Have you ever wished the Lord would speak to you? Have you ever echoed the sentiment of Isaiah the prophet, who said, "Oh, that You would rend the heavens! That You would come down!" (Isaiah 64:1). Well, any time we tell God, "Say something," He's saying, "Hear something. Listen when I speak."

In Psalm 19, David explained how God speaks to us through three things: the skies, Scripture, and our souls.

First, God speaks in the skies—in nature (see vv. 1-6). "The heavens declare the glory of God" (v. 1), David wrote. In other words, the glorious design of the universe speaks of the glorious designer behind it. This is why the apostle Paul said that creation alone is enough to let people know God exists (see Romans 1:20).

But there are certain things the universe can't tell you about God; this is why God also speaks in the Scripture (see vv. 7-11). The Bible contains the very words of God concerning life, death, life after death, love, relationships, and the future. And according to David, Scripture turns you back to God, refreshes your soul, realigns your life with God's purposes, challenges your mind, delights your heart, clarifies your vision, stabilizes your future, and benefits your whole life.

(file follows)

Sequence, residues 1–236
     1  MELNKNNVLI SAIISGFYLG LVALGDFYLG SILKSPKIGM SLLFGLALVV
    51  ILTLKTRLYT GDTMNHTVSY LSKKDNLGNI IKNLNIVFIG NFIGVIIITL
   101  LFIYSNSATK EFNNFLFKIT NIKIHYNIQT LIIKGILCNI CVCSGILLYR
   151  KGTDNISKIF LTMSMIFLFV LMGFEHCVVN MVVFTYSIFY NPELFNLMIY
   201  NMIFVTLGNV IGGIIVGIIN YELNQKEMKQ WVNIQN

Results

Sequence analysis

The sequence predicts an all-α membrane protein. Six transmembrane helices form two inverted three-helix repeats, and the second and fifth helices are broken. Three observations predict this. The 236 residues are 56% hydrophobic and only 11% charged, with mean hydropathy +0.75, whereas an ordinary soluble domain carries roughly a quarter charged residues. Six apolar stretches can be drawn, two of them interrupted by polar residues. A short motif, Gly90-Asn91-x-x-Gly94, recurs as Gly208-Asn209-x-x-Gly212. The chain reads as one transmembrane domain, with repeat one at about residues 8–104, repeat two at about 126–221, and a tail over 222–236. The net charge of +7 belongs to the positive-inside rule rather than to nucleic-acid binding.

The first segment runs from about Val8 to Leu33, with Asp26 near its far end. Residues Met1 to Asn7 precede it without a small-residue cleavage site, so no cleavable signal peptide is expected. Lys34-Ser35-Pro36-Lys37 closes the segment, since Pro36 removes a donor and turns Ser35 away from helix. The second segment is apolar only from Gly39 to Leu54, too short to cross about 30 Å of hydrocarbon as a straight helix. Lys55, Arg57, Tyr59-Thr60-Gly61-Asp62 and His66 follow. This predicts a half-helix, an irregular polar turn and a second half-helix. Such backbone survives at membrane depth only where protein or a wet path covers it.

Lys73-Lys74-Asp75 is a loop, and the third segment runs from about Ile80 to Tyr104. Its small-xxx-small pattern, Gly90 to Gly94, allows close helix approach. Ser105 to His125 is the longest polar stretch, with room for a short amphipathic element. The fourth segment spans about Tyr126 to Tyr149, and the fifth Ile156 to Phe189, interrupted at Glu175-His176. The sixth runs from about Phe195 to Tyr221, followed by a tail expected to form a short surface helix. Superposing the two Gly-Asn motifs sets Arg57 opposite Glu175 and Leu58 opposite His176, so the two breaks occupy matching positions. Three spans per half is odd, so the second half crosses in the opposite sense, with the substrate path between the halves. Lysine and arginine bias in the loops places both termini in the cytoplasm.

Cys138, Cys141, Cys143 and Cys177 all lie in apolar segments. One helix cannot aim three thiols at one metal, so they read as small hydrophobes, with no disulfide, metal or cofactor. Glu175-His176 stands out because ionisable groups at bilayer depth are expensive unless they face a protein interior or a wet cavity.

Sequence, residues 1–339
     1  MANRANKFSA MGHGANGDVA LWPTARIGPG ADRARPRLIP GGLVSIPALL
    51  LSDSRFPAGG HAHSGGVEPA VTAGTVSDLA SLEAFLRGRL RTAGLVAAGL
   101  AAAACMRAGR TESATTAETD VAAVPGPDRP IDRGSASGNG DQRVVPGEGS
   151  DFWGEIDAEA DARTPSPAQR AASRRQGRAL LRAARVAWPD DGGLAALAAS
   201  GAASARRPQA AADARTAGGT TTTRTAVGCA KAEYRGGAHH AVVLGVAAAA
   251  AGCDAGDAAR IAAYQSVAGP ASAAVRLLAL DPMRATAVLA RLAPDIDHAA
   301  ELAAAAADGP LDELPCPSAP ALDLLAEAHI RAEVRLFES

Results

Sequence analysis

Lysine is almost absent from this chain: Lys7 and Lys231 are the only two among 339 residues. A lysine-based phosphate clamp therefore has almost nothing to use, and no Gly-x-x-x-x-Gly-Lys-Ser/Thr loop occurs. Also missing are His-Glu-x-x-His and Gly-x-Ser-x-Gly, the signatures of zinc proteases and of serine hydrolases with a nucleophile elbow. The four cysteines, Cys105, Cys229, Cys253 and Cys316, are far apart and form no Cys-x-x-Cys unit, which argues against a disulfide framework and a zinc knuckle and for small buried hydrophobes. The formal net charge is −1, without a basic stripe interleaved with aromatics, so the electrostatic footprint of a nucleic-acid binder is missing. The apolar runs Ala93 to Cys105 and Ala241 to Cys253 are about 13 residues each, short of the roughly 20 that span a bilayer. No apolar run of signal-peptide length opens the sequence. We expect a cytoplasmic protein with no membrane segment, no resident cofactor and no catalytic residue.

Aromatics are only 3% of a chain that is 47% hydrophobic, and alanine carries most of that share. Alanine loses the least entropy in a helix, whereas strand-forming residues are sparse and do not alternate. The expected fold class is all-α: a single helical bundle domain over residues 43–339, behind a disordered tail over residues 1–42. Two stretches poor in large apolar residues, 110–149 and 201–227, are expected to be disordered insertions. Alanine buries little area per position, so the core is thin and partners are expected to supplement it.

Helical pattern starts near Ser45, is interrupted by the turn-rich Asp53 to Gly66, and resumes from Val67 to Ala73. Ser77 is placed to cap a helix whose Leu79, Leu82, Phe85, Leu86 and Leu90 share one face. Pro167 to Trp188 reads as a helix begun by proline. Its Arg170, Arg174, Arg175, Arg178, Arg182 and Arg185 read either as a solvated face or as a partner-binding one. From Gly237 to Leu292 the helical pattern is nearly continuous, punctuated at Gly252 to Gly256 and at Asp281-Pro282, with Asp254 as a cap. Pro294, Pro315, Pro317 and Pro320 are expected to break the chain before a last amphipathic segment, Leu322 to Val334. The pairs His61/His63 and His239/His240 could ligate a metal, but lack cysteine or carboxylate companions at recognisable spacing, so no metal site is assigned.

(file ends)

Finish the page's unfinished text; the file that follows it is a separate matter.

Third and finally, God speaks through the soul (see vv. 12-14). David looked up at the sky and went, "Wow!" then down at the Scripture and said, "Amazing!" Now he looked inside of himself and said, "Yuck!" He realized his need for forgiveness from his sin, error, and faults. And that's what looking at the skies and at Scripture will do: reveal your need for God's grace as He speaks to your soul.

So David closed Psalm 19 with a prayer: "Let the words of my mouth and the meditation of my heart be acceptable in Your sight, O Lord , my strength and my Redeemer" (v. 14). The revelation of God in the skies and in the Scripture brought David to a place where he said, "I realize who I am, I need Your grace, and now I want to please You in my words and in my thoughts."

So, while we might say, "God doesn't speak to me," God might say, "You don't listen to Me." We cry out, "Say something!"; David would tell us, "He already has. He's been speaking a long time. And He's still speaking today."

If you feel far from the Lord today, guess who moved? The further you drift from God, the weaker the sound of His voice will be. So look up at the skies, look down at the Scripture, and look in at your soul; see the need for God's grace, then turn around and move back toward Him. As James promised, "Draw near to God and He will draw near to you" (James 4:8).

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